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Chicago Bears 2018 Draft profile

The 2018 NFL Draft is just under a month away, which means that Draftmas is back. Draftmas will take a look at each NFL team heading into this year’s draft, what their needs are and who they could be targeting. Draftmas continues today with the Chicago Bears 2018 NFL Draft profile.


The Chicago Bears enter draft season with an entirely different outlook after free agency. Despite a 2017 season that ultimately ended John Fox’s time with the Bears, there are some promising signs for this team moving forward. However, that only happens if general manager Ryan Pace is able to land impact players in the 2018 draft. The Bears are teetering on relevancy for another season, picking in the top 10.

First and foremost, the development of Mitch Trubisky is vital to any future success the Bears might have. Pace ensured this by trading up last April to grab his favorite quarterback in that draft, and after a rather typical freshman season, it’s time for Trubisky to take a jump in year two.

Fortunately, the Bears went out and grabbed a number of offensive free agents to help ease Trubisky into new coach Matt Nagy’s system. Acquiring Allen Robinson was a huge step in the right direction for a wide receiver group that caught four touchdown passes all of last season. Add speed demon Taylor Gabriel and the versatile Trey Burton to the list of signings, and the Bears have the start of something.

As for the rest of the team, it’s still going to be a work in progress. It’s no secret the Bears have little to offer at outside linebacker, and if one position of need sticks out, it’s an edge rusher. The offensive line also needs some help due to the ongoing health-related problems with Kyle Long and the release of Josh Sitton. If the Bears wish to compete in 2018, Pace has to hit on impactful players in the draft.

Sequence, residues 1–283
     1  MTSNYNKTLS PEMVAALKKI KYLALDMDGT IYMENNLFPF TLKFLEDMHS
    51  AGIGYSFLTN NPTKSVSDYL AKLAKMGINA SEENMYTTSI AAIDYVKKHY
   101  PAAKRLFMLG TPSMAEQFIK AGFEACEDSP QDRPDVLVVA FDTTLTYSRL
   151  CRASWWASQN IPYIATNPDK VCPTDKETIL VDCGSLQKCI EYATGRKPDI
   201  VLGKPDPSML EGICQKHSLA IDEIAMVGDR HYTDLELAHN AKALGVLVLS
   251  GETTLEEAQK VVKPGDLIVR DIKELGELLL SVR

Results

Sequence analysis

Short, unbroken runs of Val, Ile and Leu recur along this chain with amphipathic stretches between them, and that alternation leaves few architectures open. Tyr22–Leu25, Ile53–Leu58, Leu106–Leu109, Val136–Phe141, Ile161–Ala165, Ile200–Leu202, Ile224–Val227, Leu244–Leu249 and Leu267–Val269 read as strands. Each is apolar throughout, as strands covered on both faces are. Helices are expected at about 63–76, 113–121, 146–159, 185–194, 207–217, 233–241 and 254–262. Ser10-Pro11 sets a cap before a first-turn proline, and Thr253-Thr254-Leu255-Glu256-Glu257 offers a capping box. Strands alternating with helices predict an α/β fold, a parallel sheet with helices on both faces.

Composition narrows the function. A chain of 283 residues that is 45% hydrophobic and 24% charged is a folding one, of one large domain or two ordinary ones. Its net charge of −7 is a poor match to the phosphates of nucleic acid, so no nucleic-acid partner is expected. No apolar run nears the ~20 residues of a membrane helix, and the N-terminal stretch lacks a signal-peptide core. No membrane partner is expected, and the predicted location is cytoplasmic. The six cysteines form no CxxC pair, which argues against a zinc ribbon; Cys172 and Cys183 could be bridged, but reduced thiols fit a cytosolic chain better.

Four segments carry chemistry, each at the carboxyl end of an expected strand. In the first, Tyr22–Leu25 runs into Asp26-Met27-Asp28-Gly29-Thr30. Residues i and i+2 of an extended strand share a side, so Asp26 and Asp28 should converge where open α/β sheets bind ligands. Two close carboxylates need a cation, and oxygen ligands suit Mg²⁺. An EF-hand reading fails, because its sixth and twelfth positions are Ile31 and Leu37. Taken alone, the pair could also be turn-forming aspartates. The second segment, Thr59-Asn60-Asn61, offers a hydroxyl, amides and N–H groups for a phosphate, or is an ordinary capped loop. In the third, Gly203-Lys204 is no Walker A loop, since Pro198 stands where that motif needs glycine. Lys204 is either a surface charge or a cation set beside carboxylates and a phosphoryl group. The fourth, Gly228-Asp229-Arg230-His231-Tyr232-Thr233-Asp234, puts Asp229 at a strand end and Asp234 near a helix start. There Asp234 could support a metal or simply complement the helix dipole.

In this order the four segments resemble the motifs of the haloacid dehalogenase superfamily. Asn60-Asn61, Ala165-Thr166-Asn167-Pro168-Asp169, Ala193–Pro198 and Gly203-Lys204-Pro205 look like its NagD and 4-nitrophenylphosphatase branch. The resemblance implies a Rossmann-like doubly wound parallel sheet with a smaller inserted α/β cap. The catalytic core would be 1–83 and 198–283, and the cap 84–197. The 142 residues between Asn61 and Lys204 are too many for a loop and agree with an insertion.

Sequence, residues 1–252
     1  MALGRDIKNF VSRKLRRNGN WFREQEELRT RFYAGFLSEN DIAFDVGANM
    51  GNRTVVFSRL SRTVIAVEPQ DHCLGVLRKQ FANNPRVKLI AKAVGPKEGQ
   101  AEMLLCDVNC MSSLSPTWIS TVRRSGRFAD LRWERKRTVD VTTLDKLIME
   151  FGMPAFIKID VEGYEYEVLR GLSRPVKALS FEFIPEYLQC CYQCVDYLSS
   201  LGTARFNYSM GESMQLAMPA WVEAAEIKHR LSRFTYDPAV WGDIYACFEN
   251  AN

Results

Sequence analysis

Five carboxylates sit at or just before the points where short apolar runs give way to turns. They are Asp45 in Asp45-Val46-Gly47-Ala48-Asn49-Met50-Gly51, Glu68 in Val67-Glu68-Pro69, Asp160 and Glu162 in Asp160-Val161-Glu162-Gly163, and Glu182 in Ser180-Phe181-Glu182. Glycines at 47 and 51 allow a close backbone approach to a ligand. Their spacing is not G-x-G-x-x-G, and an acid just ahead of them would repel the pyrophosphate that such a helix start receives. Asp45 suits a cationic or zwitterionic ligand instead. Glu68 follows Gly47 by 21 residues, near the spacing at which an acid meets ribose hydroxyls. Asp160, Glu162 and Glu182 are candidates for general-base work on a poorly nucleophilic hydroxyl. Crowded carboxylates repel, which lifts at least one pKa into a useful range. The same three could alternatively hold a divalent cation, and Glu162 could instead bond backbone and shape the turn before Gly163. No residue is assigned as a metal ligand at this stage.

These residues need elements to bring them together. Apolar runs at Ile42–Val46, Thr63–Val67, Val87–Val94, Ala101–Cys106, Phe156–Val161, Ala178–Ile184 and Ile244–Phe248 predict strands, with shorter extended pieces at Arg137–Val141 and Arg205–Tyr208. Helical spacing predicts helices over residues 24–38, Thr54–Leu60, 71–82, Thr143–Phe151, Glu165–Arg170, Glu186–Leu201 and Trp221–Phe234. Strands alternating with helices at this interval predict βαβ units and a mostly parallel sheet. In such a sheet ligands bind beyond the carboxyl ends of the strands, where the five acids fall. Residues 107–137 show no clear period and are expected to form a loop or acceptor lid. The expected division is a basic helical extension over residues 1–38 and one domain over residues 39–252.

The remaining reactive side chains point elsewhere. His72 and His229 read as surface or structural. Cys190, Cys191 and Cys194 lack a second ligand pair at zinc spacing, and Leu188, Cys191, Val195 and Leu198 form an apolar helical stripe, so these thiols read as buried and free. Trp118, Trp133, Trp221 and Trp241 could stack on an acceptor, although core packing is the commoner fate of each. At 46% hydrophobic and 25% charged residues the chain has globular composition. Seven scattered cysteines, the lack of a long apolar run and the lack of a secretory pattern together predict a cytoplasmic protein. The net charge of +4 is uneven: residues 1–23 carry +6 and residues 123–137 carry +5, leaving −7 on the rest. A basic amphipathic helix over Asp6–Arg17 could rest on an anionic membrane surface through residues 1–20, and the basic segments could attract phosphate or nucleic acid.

Picks and Needs

The Bears have seven picks in the 2018 draft.

First round (1 pick): 8

Second round (1): 39

Third round (0):

Fourth round (2): 105, 115

Fifth round (1): 145

Sixth round (1): 181

Seventh round (1): 224

Offensive needs:

Offensive line One unit that had plenty of promise heading into last season that did not live up to expectations was the Bears offensive line. Injuries and regression plagued the line last season, and despite a solid pairing of Long and Cody Whitehair inside, the Bears need to touch up the tackle position and secure Whitehair’s spot at center. Jordan Morgan is still a question mark, and Charles Leno Jr. is already signed through 2020 and looks to have another effective season. If the Bears have a shot at the golden boy prospect, Quenton Nelson, it’s hard to see Pace passing even with a need on the edge.

Slot receiver Yes, the Bears brought in two wide receivers and a pass-catching tight end this free agency, but there is still a missing piece in the slot. Looking at this draft, a particularly strong area is the slot receivers, especially value picks that will go on day two and three. The Bears needed an overhaul to the worst wide receiver group in all of the NFL in 2017, and a player like Christian Kirk or Anthony Miller would do the trick.

Defensive needs: